Connect With DRI

Follow DRI on FacebookFollow DRI on TwitterFollow DRI on InstagramWatch DRI videos on YouTubeView DRI photos on Flickr

Media Contact

Justin Broglio
Communications Officer - Northern Nevada

Office: 775.673.7610
Cell: 775.762.8320
2215 Raggio Parkway
Reno, NV 89512

Greg Bortolin
Director of Communications & Government Affairs

Las Vegas Office: 702.862.5409
Reno Office: 775.673.7465
755 E. Flamingo Road
Las Vegas, NV 89119

Festival Focuses On Mars – Mojave Desert Similarities

An article from InsideNPS by Cheryl Chipman

For Immediate Release: March 20, 2012

Hundreds of people descended on Death Valley National Park for the first ever “Mars and the Mojave Festival” on the second weekend of March. The event, which celebrated similarities between the Mojave Desert landscape and the Red Planet, was hosted by NASA and the NPS and reflects an ongoing partnership between NASA, the park, and other planetary science organizations.

The festival kicked off on Friday night with a standing-room only keynote presentation by planetary scientist Dr. Chris McKay, who talked about Mars Science Laboratory, the NASA mission that successfully launched a new rover, “Curiosity,” this past November. “Curiosity” will land on Mars this August and will study whether conditions there are, or ever have been, suitable for fostering life. Many festival activities elaborated on the same theme, introducing visitors to the types of environments, on Earth and Mars, which can harbor microscopic life. Dr. Susanne Douglas of the Planetary Science Institute led a field trip to Badwater, where she studies bacteria that dwell in salt crusts. Dr. Rosalba Bonaccorsi of NASA and the SETI (Search for Extra Terrestrial Intelligence) Institute showed visitors the water-sequestering clay minerals in short-lived ponds at the bottom of Ubehebe Crater, which can harbor the building blocks of life. Dr. Henry Sun of the Desert Research Institute presented a talk about microbes that eke out a living under the surface of granite and sandstone rocks in the Mojave Desert and Antarctica. All three of these scientists demonstrated the surprising conditions under which life occurs.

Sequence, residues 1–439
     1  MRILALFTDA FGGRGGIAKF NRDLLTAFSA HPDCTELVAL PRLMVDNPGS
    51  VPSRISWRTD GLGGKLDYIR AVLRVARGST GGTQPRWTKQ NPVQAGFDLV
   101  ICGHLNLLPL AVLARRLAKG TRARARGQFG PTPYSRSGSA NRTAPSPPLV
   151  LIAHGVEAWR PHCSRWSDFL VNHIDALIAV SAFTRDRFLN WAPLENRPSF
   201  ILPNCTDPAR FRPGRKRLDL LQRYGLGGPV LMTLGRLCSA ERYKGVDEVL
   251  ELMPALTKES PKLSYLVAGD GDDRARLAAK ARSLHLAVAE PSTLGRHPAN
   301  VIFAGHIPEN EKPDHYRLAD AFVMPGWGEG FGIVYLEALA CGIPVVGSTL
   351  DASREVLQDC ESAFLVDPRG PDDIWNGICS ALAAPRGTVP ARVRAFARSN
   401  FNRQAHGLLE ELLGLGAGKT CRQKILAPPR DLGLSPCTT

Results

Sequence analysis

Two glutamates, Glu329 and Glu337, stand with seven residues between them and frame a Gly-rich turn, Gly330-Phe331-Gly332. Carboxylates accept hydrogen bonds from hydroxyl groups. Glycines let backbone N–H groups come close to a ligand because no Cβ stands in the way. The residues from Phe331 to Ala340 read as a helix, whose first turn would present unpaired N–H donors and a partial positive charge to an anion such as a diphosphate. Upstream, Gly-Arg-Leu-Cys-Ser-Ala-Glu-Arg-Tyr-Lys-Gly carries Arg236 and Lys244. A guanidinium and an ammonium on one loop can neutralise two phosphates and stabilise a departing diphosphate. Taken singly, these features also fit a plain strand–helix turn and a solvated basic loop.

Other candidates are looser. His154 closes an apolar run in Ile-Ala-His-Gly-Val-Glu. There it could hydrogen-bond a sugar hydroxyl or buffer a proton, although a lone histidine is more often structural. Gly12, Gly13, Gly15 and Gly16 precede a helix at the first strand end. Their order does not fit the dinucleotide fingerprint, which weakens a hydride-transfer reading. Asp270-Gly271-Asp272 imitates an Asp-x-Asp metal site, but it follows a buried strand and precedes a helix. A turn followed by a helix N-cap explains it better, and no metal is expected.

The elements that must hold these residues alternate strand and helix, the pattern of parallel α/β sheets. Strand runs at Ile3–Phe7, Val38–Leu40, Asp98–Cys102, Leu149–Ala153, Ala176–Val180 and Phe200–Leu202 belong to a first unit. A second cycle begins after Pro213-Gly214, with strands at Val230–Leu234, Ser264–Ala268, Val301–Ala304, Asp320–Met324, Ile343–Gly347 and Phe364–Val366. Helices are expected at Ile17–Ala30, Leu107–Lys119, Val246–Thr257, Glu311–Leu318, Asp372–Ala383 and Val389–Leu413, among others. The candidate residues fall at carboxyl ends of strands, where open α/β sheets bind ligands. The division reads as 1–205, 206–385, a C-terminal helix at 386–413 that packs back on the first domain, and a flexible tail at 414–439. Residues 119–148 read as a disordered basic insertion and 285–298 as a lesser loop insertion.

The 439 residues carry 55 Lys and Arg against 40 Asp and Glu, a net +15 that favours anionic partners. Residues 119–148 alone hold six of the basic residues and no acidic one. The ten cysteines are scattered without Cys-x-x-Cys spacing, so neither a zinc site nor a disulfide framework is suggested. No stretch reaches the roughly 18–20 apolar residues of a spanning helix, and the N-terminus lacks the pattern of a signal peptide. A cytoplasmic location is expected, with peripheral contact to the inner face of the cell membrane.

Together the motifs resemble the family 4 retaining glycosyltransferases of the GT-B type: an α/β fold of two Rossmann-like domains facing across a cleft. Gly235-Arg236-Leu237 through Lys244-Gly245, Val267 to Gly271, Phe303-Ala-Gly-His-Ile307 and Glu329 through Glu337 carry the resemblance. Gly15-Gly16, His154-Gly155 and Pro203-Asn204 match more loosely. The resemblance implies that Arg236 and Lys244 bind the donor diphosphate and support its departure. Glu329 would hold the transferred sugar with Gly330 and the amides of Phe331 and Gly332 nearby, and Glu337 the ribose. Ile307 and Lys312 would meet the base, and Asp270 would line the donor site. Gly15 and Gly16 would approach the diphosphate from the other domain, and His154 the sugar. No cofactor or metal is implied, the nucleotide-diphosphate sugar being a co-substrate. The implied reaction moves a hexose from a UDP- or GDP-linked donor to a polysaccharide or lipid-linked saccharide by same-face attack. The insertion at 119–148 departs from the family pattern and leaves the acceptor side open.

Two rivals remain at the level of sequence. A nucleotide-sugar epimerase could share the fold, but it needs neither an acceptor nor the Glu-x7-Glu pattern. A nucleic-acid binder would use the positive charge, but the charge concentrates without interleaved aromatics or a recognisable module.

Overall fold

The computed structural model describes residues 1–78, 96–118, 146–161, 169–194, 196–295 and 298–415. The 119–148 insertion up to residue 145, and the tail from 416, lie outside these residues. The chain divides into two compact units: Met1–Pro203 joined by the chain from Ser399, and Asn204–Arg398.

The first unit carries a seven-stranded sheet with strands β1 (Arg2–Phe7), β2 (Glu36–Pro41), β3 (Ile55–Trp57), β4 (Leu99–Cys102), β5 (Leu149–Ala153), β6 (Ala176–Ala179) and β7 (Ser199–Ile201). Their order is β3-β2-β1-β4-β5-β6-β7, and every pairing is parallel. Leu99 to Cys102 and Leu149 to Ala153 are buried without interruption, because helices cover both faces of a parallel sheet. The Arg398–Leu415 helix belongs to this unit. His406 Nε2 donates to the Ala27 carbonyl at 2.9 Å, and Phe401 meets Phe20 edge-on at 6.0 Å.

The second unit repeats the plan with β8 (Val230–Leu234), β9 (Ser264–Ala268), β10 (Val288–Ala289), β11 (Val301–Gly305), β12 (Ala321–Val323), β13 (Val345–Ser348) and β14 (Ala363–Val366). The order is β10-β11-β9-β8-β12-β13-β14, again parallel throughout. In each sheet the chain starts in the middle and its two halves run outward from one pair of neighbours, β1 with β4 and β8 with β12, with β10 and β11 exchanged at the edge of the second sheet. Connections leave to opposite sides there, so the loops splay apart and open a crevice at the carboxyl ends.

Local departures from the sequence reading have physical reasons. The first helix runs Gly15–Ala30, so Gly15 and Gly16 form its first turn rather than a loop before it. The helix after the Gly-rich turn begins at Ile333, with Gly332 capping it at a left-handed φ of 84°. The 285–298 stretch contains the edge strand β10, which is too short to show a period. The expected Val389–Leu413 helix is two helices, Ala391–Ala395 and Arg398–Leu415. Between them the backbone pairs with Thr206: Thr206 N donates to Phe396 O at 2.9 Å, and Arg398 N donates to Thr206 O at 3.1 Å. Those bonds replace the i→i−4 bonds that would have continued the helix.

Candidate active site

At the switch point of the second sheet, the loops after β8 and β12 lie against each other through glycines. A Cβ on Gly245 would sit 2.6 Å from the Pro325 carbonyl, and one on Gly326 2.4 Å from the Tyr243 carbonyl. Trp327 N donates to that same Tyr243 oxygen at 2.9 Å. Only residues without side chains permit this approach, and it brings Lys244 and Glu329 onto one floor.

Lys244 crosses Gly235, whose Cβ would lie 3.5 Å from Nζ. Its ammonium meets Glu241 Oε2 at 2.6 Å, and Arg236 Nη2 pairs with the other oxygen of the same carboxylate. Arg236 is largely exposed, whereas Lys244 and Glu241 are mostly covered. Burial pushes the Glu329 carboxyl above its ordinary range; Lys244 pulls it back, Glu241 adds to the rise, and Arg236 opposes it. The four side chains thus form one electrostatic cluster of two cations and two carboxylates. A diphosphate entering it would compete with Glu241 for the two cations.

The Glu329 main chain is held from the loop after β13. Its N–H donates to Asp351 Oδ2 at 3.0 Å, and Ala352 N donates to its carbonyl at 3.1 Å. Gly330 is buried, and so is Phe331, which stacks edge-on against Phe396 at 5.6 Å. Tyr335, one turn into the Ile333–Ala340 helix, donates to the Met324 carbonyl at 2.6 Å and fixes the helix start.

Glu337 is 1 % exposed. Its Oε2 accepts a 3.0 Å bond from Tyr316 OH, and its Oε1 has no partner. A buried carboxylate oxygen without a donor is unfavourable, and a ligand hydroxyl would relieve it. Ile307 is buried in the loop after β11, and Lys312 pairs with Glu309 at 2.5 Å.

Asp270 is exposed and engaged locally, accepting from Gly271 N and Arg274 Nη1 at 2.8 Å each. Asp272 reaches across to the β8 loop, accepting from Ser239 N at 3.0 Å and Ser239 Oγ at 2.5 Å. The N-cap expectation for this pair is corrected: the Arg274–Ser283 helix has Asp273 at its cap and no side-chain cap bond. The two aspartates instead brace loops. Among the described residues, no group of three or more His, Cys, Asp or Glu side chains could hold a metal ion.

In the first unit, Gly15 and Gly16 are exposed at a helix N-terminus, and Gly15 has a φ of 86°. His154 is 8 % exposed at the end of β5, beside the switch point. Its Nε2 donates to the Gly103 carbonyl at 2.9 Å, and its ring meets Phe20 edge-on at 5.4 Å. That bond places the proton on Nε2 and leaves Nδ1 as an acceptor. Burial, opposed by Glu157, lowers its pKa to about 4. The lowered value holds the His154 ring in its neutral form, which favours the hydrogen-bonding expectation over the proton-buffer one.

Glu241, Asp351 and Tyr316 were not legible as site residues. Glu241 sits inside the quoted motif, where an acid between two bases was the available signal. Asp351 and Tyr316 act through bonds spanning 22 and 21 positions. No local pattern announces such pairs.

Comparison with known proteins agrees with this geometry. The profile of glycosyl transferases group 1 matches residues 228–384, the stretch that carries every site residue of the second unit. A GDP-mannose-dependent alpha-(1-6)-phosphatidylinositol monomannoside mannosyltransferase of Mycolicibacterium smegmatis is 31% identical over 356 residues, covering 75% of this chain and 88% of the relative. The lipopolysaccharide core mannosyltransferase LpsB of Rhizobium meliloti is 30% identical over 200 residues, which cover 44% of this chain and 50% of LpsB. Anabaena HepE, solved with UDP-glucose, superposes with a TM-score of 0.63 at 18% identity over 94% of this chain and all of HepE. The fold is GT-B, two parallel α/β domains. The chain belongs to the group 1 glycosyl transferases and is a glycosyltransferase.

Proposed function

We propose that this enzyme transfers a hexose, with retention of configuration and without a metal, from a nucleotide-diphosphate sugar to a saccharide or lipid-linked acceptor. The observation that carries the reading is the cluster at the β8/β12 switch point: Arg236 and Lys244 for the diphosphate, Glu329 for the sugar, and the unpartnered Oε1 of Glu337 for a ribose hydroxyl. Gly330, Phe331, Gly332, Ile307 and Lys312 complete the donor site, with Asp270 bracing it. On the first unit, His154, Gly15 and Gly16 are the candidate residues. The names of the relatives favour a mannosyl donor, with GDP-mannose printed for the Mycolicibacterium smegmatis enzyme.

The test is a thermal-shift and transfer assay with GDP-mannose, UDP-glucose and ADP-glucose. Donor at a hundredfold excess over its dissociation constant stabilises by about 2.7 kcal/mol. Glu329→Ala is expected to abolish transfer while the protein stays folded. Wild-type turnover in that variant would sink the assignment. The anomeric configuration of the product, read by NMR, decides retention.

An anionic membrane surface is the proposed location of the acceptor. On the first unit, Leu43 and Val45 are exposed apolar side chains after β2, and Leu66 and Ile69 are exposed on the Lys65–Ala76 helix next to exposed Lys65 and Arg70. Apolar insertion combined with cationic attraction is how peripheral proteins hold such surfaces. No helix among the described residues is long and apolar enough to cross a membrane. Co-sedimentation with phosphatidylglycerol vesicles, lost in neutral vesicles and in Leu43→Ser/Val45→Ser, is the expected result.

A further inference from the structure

Other festival presenters focused on how researchers overcome the engineering challenges of doing science on other planets, by first testing Mars-bound equipment on Earth. Dr. Aaron Zent of NASA led a field trip to Mars Hill, where early rover models practiced maneuvering over rocky terrain. Dr. Luther Beegle of NASA spoke about testing a drill designed to collect samples on Mars at a mine site in Death Valley. Lucinda Land, the executive director of the non-profit Mars Society, described the mock Martian research station her organization runs in the Utah desert, where volunteer crews practice living and working on the Red Planet. The Mars and the Mojave Festival also featured an expo on Saturday afternoon where children could try their hand at driving a robot mini-rover, extreme microorganisms wriggled under microscopes, and equipment for detecting life-supporting conditions on other planets was demonstrated.

Other festival highlights included: